Thunder Pack Is A Bolt Of Lightning For Wearables

Do you need portable power that packs a punch? Sure you do, especially if you want to light up the night by mummifying yourself with a ton of LED strips. You aren’t limited to that, of course, but it’s what we pictured when we read about [Jeremy]’s Thunder Pack. With four PWM channels at 2.3 A each, why not go nuts? [Jeremy] has already proven the Thunder Pack out by putting it through its paces all week at Burning Man.

Click to embiggen!

After a few iterations, [Jeremy] has landed on the STM32 microcontroller family and is currently working to upgrade to one with enough flash memory to run CircuitPython.

The original version was designed to run on a single 18650 cell, but [Jeremy] now has three boards that support similar but smaller rechargeable cells for projects that don’t need quite as much power.

We love how small and powerful this is, and the dongle hole is a great touch because it opens up options for building it into a wearable. [Jeremy] made a fantastic pinout diagram and has a ton of code examples in the repo. If you want to wade into the waters of wearables, let whimsical wearables wizard [Angela Sheehan] walk you through the waves.

19 thoughts on “Thunder Pack Is A Bolt Of Lightning For Wearables

  1. Neat idea. I’ve got all sorts of uses for those.
    Without seeing the schematic: it looks like the output is limited to battery voltage. It seems that it should be possible to run the micro off the local battery and the actual lights off (say) a 12V pack, so you could use COTS light strips.

    1. Mostly, yes. The output is limited by both the battery capacity and the Mosfets. The FETs (BSS806NH6327XTSA1) are each rated at 2.3A, however, the GPIO opens them to ground, so you could theoretically run a higher voltage through them.

    2. But then I would include a small step down converter to run the MCU also from the main pack. I once did a control unit for LED strips (and some more, including zigbee) on costumes. I ran the LEDs of 2* 2s LiPo rc model batteries (800 or 1000mAh) and the CPU even measured the battery voltage to compensate for the voltage variation by PWM dimming of the LEDs.

    3. I have no idea, why my previous comment went to moderation and was obviously killed. I just suggested to use a step-down converter for MCU to use only one battery and that I did just that in a former project. I used two times 2S Li packs and did some software correction for the battery voltage variation by PWM.

    1. What’s funny is that part of the reason why I used cylindrical batteries in this design is that they’re more rugged for wearables than the silver pouch cells that can explode if bent (i.e. in pockets). I found that heating a short length of shrink tubing around it provided protection from shorting and was a cheap and simple enclosure.

      I’m currently exploring other battery terminals too.

      1. The battery terminals are not the only issue. It’s an unprotected piece of electronics. I would use it on the lab table, but not as a wearable. It needs some case or at least put it into a piece of PVC pipe used for electrical installations. OK, you do not need to take out the battery to charge it, so shrink tube is OK. But then you can use a battery with solder tabs and no clip contacts.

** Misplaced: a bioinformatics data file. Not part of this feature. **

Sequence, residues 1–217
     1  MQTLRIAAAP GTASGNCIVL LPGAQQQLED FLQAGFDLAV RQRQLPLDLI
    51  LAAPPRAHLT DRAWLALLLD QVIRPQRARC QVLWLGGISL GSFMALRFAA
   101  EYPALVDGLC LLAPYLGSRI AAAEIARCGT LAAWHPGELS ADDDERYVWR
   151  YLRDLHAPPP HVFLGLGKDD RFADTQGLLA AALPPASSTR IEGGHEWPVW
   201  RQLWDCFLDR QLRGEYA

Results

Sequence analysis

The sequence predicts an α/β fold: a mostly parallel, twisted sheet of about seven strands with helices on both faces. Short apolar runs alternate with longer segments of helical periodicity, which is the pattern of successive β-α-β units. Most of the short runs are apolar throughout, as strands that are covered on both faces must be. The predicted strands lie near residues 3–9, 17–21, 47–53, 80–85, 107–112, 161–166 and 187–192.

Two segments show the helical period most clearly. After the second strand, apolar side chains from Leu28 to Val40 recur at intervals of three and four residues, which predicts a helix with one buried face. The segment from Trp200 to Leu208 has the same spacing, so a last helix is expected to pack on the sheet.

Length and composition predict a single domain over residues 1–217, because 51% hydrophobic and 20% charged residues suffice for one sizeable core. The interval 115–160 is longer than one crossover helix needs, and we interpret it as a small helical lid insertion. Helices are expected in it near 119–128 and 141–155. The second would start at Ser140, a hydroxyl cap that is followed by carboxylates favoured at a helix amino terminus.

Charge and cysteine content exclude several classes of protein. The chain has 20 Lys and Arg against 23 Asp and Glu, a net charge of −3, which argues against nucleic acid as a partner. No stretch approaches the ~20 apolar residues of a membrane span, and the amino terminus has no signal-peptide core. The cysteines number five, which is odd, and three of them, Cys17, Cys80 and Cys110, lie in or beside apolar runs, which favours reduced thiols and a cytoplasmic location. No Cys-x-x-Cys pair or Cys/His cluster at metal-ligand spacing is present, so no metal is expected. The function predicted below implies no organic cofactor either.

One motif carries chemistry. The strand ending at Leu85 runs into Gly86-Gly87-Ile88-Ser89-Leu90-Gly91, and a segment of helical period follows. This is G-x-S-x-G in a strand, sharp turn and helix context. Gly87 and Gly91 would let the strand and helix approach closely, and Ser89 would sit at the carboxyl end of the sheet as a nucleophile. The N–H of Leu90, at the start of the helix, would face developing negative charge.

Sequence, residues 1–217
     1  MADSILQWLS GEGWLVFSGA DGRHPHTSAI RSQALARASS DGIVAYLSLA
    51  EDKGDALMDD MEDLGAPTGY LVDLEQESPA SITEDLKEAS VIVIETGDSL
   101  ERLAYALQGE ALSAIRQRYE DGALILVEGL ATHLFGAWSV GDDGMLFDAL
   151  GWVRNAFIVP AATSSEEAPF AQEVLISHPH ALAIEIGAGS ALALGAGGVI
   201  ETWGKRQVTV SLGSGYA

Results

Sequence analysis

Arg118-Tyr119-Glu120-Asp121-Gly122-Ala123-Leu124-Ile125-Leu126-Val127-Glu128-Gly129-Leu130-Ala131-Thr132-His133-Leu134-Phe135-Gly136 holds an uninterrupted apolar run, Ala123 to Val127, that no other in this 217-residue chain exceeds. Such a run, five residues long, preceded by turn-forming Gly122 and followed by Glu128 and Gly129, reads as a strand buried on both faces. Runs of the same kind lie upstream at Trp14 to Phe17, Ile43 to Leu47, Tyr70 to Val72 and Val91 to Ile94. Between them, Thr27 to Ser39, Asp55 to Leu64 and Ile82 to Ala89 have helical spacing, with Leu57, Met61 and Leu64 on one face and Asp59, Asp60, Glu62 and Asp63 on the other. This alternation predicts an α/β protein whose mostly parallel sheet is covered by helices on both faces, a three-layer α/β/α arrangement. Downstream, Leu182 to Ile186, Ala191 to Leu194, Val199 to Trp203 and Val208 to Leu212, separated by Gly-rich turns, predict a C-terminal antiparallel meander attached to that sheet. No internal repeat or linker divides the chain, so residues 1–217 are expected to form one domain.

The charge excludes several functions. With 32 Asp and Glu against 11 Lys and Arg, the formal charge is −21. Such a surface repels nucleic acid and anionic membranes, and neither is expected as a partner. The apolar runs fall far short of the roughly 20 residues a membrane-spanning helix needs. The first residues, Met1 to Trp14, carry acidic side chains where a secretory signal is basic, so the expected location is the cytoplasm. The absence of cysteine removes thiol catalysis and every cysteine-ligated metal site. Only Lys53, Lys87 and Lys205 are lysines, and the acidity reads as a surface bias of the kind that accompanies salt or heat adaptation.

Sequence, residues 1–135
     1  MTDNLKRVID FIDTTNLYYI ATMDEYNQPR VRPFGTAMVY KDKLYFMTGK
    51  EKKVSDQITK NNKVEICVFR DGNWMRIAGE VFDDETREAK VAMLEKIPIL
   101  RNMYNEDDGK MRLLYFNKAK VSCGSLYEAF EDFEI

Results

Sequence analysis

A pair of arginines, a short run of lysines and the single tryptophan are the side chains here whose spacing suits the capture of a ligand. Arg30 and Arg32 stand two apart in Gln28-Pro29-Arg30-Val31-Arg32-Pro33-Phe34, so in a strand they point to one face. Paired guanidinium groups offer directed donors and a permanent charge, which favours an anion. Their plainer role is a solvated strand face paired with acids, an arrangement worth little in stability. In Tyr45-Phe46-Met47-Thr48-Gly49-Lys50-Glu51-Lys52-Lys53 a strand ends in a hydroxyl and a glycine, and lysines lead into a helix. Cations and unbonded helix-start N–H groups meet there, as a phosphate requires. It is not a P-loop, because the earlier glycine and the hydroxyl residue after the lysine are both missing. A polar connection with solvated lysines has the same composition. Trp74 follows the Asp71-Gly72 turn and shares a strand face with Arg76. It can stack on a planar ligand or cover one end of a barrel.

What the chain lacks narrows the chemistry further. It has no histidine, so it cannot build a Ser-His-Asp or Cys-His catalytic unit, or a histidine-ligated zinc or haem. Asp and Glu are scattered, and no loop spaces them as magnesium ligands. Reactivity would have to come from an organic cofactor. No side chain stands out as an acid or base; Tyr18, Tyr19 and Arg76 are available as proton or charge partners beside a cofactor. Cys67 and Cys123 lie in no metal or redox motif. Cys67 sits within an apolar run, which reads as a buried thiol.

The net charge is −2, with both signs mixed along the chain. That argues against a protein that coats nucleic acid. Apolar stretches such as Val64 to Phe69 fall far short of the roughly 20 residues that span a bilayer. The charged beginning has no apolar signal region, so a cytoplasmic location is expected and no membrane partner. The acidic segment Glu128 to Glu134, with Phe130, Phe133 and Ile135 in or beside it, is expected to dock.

1. Yup, battery with solder tabs would work fine…however, they’re usually not sold with protection circuits built-in (at least that I’ve seen). I required the protection circuit to be built-in to the battery to keep the overall PCB size down. It only makes the battery a few mm longer. But if you have a battery with protection and tabs, then that wouldn’t be a problem at all and the PCB would be trivial to update to support it.

          As for the PCB shorting, generally you don’t put wearable PCBs in the same pocket as your keys anyways. It would work better in the inside jacket pocket or a little pouch made for it. Either way, these are all pretty solvable problems either with shrink tubing, enclosures or wearable placement.

    1. I wanted this platform to be able to go beyond Arduino, if necessary. I could have gone the ATSAMD line of chips, but felt drawn to the STM32 line. Overall, though, getting it to work with Arduino was probably the easiest part of the project. CircuitPython was a bit more difficult.

        1. A few factors went into chip choice: cost, physical size, usb bootloader, and flash size.

          Physical size: To keep the board small, the chip needed to be 7x7mm or smaller.
          USB bootloader: likely self explanatory.
          Flash size: This was the stickiest part. CircuitPython needs 512k minimum.

          The STM32F1 chip with 512k is 10x10mm and doesn’t have a built-in USB bootloader (STM32F100).

          The original chip was a STM32L07. It was small (5×5), low power, and worked really well. Unfortunately, it didn’t have enough flash memory to support CircuitPython. Since CircuitPython is gaining in popularity and is a really great ecosystem for people getting into microcontrollers, I wanted to make sure this platform could support it and upgraded.

          The STM32F4 is truly overkill for most things and I’m excited to see how far people can take it.

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